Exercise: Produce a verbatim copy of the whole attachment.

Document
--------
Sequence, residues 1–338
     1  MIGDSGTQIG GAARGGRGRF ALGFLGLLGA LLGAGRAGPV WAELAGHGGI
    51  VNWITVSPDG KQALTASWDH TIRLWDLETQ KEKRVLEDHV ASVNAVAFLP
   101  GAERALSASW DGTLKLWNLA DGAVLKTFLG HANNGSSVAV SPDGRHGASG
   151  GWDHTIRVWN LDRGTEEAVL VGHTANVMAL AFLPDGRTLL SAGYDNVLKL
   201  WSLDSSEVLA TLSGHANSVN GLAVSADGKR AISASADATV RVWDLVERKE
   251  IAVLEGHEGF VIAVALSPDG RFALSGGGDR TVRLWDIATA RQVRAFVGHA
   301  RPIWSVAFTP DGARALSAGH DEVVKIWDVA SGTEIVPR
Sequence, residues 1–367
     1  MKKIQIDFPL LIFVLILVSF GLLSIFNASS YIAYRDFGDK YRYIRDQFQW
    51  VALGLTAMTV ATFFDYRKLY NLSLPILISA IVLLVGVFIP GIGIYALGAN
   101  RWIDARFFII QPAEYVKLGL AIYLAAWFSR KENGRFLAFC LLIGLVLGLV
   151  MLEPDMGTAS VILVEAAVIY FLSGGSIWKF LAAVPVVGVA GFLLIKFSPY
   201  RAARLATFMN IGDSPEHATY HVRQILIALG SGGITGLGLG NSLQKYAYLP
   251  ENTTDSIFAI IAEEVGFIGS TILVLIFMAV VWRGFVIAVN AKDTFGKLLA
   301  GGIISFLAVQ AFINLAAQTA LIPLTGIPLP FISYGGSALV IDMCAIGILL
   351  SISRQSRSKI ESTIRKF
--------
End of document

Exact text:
Sequence, residues 1–338
     1  MIGDSGTQIG GAARGGRGRF ALGFLGLLGA LLGAGRAGPV WAELAGHGGI
    51  VNWITVSPDG KQALTASWDH TIRLWDLETQ KEKRVLEDHV ASVNAVAFLP
   101  GAERALSASW DGTLKLWNLA DGAVLKTFLG HANNGSSVAV SPDGRHGASG
   151  GWDHTIRVWN LDRGTEEAVL VGHTANVMAL AFLPDGRTLL SAGYDNVLKL
   201  WSLDSSEVLA TLSGHANSVN GLAVSADGKR AISASADATV RVWDLVERKE
   251  IAVLEGHEGF VIAVALSPDG RFALSGGGDR TVRLWDIATA RQVRAFVGHA
   301  RPIWSVAFTP DGARALSAGH DEVVKIWDVA SGTEIVPR
Sequence, residues 1–367
     1  MKKIQIDFPL LIFVLILVSF GLLSIFNASS YIAYRDFGDK YRYIRDQFQW
    51  VALGLTAMTV ATFFDYRKLY NLSLPILISA IVLLVGVFIP GIGIYALGAN
   101  RWIDARFFII QPAEYVKLGL AIYLAAWFSR KENGRFLAFC LLIGLVLGLV
   151  MLEPDMGTAS VILVEAAVIY FLSGGSIWKF LAAVPVVGVA GFLLIKFSPY
   201  RAARLATFMN IGDSPEHATY HVRQILIALG SGGITGLGLG NSLQKYAYLP
   251  ENTTDSIFAI IAEEVGFIGS TILVLIFMAV VWRGFVIAVN AKDTFGKLLA
   301  GGIISFLAVQ AFINLAAQTA LIPLTGIPLP FISYGGSALV IDMCAIGILL
   351  SISRQSRSKI ESTIRKF